The first page of David Markson’s copy of the Iliad by Homer:
On which Markson wrote as an inscription:
“Why does Writer sometimes seem to admire the Iliad even more when he is thinking about it than when he is actually reading it?”
- David Markson, This Is Not A Novel, pg. 119.
“There are 16,696 lines in the Iliad.”
- David Markson, Vanishing Point, pg. 74.
“The twenty-four letters of the Greek alphabet. Ergo, the twenty-four books of the Iliad and of the Odyssey.
Arranged by editors at Alexandria centuries after the fact.”
- David Markson, Vanishing Point, pg. 65.
“There seemed no point whatsoever in mentioning any of this. Even if it happens that Alexander the Great always kept a copy of the Iliad right next to his bed, and actually believed that he was directly descended from Achilles.”
- David Markson, Wittgenstein’s Mistress, pg. 98.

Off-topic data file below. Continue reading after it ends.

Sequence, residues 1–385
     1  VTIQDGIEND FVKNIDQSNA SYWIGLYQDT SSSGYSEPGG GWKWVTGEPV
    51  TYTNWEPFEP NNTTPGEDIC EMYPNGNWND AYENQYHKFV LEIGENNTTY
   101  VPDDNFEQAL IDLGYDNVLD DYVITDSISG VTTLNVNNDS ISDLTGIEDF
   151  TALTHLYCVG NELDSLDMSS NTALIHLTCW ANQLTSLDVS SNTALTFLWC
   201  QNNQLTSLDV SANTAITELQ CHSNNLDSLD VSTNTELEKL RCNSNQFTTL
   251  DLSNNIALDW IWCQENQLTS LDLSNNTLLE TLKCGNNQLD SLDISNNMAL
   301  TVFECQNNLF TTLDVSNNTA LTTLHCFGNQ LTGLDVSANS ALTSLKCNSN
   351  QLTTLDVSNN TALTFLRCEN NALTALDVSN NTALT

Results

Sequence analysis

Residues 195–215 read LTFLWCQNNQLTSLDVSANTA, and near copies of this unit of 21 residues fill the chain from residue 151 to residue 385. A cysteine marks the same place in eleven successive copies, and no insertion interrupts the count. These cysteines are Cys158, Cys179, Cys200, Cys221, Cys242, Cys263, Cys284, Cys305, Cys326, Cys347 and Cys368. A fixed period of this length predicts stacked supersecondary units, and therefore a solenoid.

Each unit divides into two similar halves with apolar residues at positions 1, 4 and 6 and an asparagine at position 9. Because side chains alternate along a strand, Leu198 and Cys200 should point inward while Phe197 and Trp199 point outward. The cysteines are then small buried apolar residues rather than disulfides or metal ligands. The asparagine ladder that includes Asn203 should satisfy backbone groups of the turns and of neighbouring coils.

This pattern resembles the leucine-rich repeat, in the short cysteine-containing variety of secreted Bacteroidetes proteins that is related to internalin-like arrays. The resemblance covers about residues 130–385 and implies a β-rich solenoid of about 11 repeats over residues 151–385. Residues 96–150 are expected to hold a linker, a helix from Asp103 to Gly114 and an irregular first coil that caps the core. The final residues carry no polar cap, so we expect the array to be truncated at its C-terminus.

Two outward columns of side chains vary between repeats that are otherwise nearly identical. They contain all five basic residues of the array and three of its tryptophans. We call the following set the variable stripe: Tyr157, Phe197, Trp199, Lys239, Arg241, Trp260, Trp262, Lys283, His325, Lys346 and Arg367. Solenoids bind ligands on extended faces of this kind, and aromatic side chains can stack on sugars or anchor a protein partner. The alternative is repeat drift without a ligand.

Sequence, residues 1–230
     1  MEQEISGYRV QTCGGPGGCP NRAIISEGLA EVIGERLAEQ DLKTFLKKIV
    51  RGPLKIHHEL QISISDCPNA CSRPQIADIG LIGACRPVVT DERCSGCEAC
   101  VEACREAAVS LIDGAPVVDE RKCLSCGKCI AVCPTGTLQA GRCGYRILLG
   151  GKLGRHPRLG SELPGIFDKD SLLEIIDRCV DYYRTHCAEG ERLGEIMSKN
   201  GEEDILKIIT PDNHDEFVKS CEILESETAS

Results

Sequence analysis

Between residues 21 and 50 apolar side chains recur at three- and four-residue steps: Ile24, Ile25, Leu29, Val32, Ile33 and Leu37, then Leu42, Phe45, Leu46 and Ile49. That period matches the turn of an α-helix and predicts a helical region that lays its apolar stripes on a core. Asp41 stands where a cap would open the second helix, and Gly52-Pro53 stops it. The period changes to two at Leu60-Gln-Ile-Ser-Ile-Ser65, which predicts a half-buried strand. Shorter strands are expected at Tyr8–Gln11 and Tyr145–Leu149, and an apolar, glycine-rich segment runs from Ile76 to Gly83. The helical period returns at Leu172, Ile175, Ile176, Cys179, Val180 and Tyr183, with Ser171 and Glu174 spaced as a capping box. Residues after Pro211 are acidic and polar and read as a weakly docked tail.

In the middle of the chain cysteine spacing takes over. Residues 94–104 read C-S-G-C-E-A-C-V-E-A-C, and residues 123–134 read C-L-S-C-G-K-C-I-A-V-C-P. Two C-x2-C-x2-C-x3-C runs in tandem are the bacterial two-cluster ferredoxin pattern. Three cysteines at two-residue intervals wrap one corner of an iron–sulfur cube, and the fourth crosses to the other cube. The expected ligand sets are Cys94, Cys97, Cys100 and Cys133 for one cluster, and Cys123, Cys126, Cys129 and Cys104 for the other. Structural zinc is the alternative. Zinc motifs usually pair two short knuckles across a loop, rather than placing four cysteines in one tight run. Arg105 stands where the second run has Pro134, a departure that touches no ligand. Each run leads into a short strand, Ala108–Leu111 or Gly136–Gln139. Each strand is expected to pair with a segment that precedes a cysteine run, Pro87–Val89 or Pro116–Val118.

“Wherever conquest led him, Alexander the Great made it a point to have botanical specimens sent back to Aristotle, who had been his tutor. A copy of the Iliad that he carried in a jeweled chest contained emendations in Aristotle’s handwriting.”
- David Markson, Reader’s Block, pg. 12.
“Like Alexander with the Iliad, Napoleon carried a copy of Plutarch’s Lives with him eternally.”
- David Markson, Vanishing Point, pg. 48.
Unlike Alexander, I doubt Markson carried his copy of the Iliad around with him. But it’s nice to know he had a copy. Not like we couldn’t already assume that though. Especially seeing how often it is referenced in his novels.